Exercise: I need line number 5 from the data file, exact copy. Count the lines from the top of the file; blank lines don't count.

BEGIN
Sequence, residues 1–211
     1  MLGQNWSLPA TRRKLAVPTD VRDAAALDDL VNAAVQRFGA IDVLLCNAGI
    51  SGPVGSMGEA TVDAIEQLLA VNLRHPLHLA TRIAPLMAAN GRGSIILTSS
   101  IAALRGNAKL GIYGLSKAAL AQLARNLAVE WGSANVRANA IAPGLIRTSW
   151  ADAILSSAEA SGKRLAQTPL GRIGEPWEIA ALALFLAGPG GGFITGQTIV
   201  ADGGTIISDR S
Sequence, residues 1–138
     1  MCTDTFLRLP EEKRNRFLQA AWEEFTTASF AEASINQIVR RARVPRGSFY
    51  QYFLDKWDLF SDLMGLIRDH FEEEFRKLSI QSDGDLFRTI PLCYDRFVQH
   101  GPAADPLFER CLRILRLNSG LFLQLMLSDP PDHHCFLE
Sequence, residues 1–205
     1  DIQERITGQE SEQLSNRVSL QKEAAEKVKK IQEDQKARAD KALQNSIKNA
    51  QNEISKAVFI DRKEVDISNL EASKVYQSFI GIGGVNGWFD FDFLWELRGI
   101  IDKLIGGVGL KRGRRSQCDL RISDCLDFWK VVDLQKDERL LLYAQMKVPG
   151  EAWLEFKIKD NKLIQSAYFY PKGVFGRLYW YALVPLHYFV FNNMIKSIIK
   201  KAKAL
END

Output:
   151  ADAILSSAEA SGKRLAQTPL GRIGEPWEIA ALALFLAGPG GGFITGQTIV